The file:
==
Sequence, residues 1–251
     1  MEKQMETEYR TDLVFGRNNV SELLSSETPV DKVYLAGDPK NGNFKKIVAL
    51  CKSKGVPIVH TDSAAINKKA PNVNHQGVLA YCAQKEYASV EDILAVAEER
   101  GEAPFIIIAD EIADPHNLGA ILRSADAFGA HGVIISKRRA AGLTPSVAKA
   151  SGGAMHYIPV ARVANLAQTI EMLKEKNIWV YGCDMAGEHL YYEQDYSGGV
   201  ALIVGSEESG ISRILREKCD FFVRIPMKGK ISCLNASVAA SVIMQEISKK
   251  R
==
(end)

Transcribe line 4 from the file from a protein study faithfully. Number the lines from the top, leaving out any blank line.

   101  GEAPFIIIAD EIADPHNLGA ILRSADAFGA HGVIISKRRA AGLTPSVAKA